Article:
Woodiwiss, Kathleen E. 1939–2007

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Woodiwiss, Kathleen E. 1939–2007

(Kathleen Erin Hogg, Kathleen Woodiwiss, Kathleen Erin Woodiwiss)


See index for CA sketch: Born June 3, 1939, in Alexandria, LA; died of cancer, July 6, 2007, near Princeton, MN. Romance novelist. Woodiwiss was a homemaker and "stay-at-home mom" in the 1960s and 1970s. She had no training to become a novelist, but she knew what she wanted to read and couldn't find what she wanted at the local bookstore, so she wrote it herself. Her first novel did not fit the profile of a typical romance novel, and Woodiwiss had a hard time finding a publisher. When The Flame and the Flower finally saw the light of day in 1972, it flew off the shelves onto the best-seller lists, and its author never looked back. Woodiwiss crafted her fiction with all the ingredients of typical romance fare, but she "super-sized" it in every way. For that achievement she has been called the reinventor of the modern romance novel. Unlike most romance novels of the early 1970s, Woodiwiss's novels are long, usually 500 to 600 pages in length. Like other romance writers, she set her tales in exotic places or against historical backgrounds, in which her heroines had to face difficulties of gothic proportions: lost fortunes, lost babies, lost chastity, forced marriage, heartless encounters. These are typical dilemmas, but in Woodiwiss's hands, all were a backdrop to the central drama, which, for the first time in the genre, was the romance itself. Her heroines were characteristically beautiful, soft, and helpless, at least at the beginning; her heroes were larger than life: handsome, strong and strong-willed, charismatic, and ultimately irresistible. The love story never remained in the background for long—it was the story, rendered in such descriptive detail that some critics dubbed the author a master of erotic historical fiction, a distinction that Woodiwiss herself always countered with an indignant denial. In truth, however, Woodiwiss's heroines rarely retained their chastity for long, and their undoing was often against their will. For this and other reasons, champions of women's causes have not routinely embraced her work. Serious critics of literature have, for the most part, either ignored Woodiwiss or denounced her, but some of her harshest detractors have also acknowledged that they enjoyed her stories nonetheless. All of her books achieved best-seller status, sold in the millions, and remained in print or were reprinted long after their original debuts. Woodiwiss received a lifetime achievement award from the Romance Writers of America in 1988. She wrote more than a dozen novels, several of which were also recorded as audio books. The titles include Shanna (1977), Forever in Your Embrace (1992), A Season beyond a Kiss (2000), and Everlasting, published posthumously in 2007.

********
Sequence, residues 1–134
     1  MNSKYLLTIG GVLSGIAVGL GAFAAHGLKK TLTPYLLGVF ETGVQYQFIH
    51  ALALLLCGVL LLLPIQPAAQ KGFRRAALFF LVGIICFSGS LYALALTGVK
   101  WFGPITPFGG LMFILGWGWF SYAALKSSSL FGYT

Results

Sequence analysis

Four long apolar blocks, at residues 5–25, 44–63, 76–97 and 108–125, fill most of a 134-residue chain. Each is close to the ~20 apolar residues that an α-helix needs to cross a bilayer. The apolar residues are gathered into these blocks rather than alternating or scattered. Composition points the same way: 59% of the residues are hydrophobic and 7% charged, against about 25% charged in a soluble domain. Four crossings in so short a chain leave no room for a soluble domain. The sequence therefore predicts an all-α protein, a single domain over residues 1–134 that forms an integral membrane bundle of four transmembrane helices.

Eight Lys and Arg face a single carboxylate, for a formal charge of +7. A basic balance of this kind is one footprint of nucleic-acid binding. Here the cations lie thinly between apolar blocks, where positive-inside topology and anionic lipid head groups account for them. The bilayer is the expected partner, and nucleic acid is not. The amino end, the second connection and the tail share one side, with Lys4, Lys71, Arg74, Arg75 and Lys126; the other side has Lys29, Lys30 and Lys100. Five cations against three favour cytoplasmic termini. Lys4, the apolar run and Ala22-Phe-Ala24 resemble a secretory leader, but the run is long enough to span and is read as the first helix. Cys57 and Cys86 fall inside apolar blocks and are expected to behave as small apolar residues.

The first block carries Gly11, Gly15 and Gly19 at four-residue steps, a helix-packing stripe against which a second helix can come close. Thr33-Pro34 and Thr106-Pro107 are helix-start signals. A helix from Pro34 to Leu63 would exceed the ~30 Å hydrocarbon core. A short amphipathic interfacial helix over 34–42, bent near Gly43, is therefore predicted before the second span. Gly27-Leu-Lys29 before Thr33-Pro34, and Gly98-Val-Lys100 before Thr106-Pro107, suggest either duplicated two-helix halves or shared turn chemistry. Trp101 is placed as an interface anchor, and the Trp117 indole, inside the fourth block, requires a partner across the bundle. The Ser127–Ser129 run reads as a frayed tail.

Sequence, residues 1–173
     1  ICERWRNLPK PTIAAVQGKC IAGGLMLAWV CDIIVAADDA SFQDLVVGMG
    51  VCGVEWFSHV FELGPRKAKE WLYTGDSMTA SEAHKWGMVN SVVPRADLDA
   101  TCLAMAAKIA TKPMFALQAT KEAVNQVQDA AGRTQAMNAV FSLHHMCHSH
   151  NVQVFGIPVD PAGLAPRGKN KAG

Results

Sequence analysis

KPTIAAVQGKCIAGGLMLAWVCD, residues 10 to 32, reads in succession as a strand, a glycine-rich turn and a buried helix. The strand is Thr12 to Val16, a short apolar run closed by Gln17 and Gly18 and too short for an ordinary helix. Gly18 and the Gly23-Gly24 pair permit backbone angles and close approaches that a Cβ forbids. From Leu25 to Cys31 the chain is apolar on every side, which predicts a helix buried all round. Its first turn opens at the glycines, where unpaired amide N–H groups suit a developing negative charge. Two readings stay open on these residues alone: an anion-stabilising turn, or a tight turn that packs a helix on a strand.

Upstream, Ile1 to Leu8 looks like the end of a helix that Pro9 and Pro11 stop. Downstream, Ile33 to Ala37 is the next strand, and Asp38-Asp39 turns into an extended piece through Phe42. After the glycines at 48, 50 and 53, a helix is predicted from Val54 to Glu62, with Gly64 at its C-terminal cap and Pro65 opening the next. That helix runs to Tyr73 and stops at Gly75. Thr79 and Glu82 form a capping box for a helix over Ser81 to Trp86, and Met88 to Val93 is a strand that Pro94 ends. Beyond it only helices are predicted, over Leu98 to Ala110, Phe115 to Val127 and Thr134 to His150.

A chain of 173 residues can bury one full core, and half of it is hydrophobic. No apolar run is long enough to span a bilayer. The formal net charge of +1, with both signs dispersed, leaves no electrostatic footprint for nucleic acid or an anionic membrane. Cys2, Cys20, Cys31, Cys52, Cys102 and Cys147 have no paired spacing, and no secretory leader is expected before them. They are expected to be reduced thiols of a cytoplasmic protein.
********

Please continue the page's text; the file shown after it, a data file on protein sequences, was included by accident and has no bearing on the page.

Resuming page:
Chicago Tribune, July 13, 2007, sec. 2, p. 12.

Los Angeles Times, July 13, 2007, p. B9.

New York Times, July 12, 2007, p. C13.

Washington Post, July 14, 2007, p. B6.